10 393s

does anyone think 4 393s on a power expander and 6 more in the cortex will work?

Yes, I do, it’s just a case of careful power management.

I feel that it will work. People just have to remember to be careful how much strain they put on their motors. The safest possible amount of 393 Motors you can have on your brain is 6. My team plans to have around 8.

yes, just make sure you “do it right” :wink:

If you are having to limit the power of the motors, or are having to do only one thing at a time (drive/lift), wouldn’t it be faster to just use 6 393’s and 4 269’s anyway…?

This is exactly what my team is thinking

I think all that should be needed is to cut off power to any motors that are stalling. That way, I doubt the cortex/expander circuit breakers would break.

If ‘doing it right’ isn’t working, I can still think of advantages of using 10 393s even if you couldn’t supply full power to all at the same time. Say you put some 269s on your drive so that you can lift your arm and drive at full power at the same time. But what about when you’re only driving? You could increase drive power if you used 393s instead.

Whether this is enough to make you buy 393s to replace 269s you already own I don’t know. I expect most teams will have to keep using 269s for quite a while.

Also, has anyone else found 393s to be generally more reliable than 269s?

If you split what goes on the power expander and direct to the cortex in the right way. It can definitely work. Don’t put all the 393’s doing the most work on the same amp otherwise your going to destroy em.

This is a great application for S/W control of the robots. If you wanted to get really technical you could limit the speed of the various motors based upon how many motors are being run in each electrical path (A/B of Cortex and Power Expander).

Our team developed a rudimentary Motor Stall Detection (and cutout) last year to help avoid thermal issues resulting from an autonomous mode induced stall. This concept could be taken a bit further to provide a ‘realtime’ monitoring of the number of motors on each circuit in use and how hard they are being driven.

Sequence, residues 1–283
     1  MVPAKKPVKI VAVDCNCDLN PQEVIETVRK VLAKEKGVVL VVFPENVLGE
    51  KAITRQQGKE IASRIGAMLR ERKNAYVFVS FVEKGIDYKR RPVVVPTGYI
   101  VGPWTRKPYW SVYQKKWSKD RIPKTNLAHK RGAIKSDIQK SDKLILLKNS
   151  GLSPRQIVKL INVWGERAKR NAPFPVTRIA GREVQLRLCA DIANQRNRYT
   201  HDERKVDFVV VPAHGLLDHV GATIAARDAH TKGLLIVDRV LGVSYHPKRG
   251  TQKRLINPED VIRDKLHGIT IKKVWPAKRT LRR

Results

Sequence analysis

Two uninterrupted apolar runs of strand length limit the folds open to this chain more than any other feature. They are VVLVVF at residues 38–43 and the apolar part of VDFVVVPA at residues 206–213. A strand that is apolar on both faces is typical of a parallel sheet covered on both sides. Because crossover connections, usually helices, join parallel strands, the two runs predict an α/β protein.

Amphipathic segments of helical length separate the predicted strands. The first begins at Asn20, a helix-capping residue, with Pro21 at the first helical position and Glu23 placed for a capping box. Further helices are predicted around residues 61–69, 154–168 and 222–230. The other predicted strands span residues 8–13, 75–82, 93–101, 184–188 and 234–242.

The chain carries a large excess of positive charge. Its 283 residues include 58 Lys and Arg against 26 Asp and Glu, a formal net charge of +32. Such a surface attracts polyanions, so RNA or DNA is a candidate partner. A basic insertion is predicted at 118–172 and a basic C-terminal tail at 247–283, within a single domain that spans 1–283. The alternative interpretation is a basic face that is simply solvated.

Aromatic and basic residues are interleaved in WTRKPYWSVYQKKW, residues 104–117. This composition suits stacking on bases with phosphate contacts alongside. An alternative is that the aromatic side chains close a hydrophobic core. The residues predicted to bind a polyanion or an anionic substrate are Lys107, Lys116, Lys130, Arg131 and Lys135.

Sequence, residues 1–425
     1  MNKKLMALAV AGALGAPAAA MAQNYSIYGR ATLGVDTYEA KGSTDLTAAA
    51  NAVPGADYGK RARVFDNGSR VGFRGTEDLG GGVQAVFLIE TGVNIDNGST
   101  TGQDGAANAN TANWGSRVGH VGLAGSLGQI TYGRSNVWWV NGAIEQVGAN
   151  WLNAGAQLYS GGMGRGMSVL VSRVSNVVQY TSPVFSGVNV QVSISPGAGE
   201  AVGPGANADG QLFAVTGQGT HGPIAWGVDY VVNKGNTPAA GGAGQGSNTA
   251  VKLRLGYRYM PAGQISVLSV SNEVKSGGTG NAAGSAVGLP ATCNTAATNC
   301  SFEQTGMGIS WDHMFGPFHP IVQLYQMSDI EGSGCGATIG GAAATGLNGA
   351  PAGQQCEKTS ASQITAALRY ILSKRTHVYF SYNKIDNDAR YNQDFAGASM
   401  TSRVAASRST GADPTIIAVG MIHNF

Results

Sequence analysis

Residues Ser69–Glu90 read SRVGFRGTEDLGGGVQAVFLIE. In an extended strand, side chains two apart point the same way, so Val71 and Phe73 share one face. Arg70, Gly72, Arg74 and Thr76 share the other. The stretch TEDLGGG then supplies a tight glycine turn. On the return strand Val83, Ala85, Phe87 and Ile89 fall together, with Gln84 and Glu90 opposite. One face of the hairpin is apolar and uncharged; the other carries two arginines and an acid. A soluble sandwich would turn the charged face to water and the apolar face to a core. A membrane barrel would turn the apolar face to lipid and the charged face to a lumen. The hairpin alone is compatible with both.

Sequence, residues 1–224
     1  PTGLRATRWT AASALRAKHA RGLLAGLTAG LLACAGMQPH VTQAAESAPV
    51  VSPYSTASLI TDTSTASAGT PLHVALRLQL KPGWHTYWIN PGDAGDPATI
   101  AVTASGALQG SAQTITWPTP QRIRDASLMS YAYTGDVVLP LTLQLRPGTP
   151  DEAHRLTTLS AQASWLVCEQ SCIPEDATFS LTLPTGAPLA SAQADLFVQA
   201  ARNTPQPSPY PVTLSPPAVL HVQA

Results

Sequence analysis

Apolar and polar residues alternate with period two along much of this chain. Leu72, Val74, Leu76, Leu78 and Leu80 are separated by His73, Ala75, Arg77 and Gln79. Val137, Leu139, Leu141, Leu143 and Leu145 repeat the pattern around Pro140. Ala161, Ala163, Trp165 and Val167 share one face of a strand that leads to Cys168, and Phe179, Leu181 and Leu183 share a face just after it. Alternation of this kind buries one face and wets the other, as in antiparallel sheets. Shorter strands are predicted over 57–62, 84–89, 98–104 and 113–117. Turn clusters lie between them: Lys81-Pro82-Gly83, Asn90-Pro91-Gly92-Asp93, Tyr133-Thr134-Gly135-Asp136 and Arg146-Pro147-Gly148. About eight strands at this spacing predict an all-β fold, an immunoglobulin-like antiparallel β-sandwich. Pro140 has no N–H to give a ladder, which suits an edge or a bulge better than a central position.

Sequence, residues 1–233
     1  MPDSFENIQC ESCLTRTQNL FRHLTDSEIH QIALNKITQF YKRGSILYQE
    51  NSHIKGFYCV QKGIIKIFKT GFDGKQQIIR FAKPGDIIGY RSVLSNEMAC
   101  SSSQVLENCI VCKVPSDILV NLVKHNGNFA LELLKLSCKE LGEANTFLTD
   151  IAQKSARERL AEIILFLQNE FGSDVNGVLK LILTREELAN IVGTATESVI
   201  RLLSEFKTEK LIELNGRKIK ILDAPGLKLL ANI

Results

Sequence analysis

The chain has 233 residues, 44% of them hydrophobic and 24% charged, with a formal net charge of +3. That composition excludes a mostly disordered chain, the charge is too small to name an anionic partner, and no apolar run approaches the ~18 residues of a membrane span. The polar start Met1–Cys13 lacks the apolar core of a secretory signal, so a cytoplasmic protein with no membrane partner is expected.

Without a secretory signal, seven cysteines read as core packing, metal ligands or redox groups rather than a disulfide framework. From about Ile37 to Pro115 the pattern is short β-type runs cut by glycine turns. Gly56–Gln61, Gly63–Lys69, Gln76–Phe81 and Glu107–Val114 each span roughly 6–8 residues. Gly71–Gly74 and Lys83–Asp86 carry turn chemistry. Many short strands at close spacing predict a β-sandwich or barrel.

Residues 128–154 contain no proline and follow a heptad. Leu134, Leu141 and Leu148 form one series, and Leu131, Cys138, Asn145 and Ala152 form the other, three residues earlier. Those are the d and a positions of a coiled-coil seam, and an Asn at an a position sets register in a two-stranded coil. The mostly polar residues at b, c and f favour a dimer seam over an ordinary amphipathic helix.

This is not a capability I would leave to the end of the build cycle when the robot is being finished, rather I would try to get someone working on the code early in the season if you want to take advantage of more 393 motors but have some control over how hard they are driven.

I’m not sure what our team would think of this function, other than I have a hard time getting them to code initially.

Cheers Kb

my team always prefers 393s to 269s, we usually use 3-wire motors rather than 269s

Absolutely. That reason alone makes me want to use all 393s on a robot.

We had issues with some of the (new) 269s locking up when being backdriven. In a few cases we had to actually disassemble part of the robot to get the motor out, because the axle was jammed so hard we could not slide it out to move the gears out of the way to unscrew the motor…so we like 393s for that reason. We’ve also broken fewer internal teeth and fewer motors themselves of the 393s.

would it be too much of a current draw to use 8 393’s ( 4 on power expander and 4 on cortex)

it has been mathematically discussed on the forums just a few days ago
the search button is your friend :slight_smile:

A 269 can be externally geared to have the same torque as a 393, although it won’t be as fast. We plan to have 6 393s, and 4 geared-down 269s.

I’ve found that some grease in the gears, both the top and bottom of the case, can help with the back driving issues sometimes. Try it out, certainly can’t ruin your motors :smiley:

dont see a problem with it … should work

269’s are not reliable in my experience. As some Texas teams know very well, my team was known for pushing a lot of robots in our gateway competitions, but one of our 269’s on the drivetrain was missing 11 teeth after one of our final competitions! 11!!!

:eek: and i picked you as an alliance partner at nationals!?!?!?

Yes, yes you did.:D:D:D

But we didn’t get disqualified!